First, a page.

bacon cooking in a seasoned pan
The smell of bacon does more than trigger appetites.


Long considered the perfect complement to a traditional breakfast of coffee, eggs and toast, bacon’s domain now extends far beyond the breakfast table. A tasty topping for a cheeseburger or an essential ingredient for spinach salad at lunch, this crispy, salty, sizzling treat can now be found in everything from popcorn to cupcakes to ice cream.

While many consider bacon’s extreme popularity to be a faddish trend in American eating habits, this magnificent meat product’s allure is more than temporary – and that’s a scientific fact.

The science of smell

What’s the first smell that greets you as you walk through the door of your local diner on Sunday morning? Bacon. This uniquely tantalizing odor immediately gets your taste buds salivating. If you weren’t hungry before, you are now. But why?

CompoundChem has an answer in the chemical breakdown of the aroma of bacon.

While we primarily think of bacon as salty, it also contains sugars which react with amino acids when you toss it into a frying pan. Called the Maillard reaction, this browning process – which occurs in everything from bread to steak – enhances the flavor of food. Combine the Maillard reaction with the thermal breakdown of fats during the heating of smoked bacon, and voila! The mouthwatering bacon smell occurs.

In fact, it takes approximately 150 volatile organic compounds to create bacon’s amazing aroma. Many of these, including pyridines and furans, are present in many meats while others – such as nitrogen-containing compounds called pyrazines – are specific to smoked meats. The culinary combination of these compounds adds up to bacon’s signature scent.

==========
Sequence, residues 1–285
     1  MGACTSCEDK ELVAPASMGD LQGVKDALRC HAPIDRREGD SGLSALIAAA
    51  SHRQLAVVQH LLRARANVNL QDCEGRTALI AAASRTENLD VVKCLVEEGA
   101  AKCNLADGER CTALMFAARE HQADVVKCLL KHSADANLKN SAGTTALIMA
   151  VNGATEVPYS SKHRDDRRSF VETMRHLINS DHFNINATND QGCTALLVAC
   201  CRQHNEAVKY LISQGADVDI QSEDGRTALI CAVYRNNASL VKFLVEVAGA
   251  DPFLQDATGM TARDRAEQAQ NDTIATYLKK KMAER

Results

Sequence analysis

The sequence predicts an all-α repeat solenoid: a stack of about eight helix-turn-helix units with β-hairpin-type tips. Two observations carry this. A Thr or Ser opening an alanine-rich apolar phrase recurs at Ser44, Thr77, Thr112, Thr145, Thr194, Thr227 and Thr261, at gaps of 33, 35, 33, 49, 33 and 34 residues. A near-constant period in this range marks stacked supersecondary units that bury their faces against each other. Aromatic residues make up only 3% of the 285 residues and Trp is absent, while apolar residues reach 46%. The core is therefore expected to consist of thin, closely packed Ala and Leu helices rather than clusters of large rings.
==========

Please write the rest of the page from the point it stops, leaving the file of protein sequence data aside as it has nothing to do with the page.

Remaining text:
The nose knows

The familiar expression may insist that we “eat with our eyes,” but the fact is that another sense is in scintillating play when it comes to the foods we eat. Housed in the same area of the brain that controls creativity, emotions and memory, the olfactory factor has a huge impact in human perception.

In some cases, our reaction to smells – whether related to food, danger or romance – is a factor of survival. In other cases, such as perfumes and flowers, it’s purely sensual.

Some research indicates that a whopping 80 percent of the diverse flavors we experience when we eat are a result of our sense of smell. Our ability to taste would be severely limited without it.Take olfactory awareness out of the equation, and foods would taste the same within five distinct categories: salty, savory, sweet, sour and bitter.

Our ability to enjoy food that encompasses a comprehensive spectrum of flavors – and the American eating habits that have emerged – is directly supported by our sense of smell.

A delicious cycle

The smell of bacon does more than trigger appetites – research has recently indicated that hunger heightens our ability to smell. In other words, greet your customers with the smell of bacon, and they’ll be hungrier than before; the hungrier they get, the more tantalizing the smell will become.

Forget ballpark franks and apple pie. If America had a national food, it just might be bacon.

So if you want consumers to buy or eat more, engaging the sense of smell is a savvy marketing technique when it comes to responding to American eating habits. You’ll be doing yourself and your customers a favor.

Bacon eaters will thank you for more than just satisfied stomachs.

This article was contributed by SugarCreek and first appeared on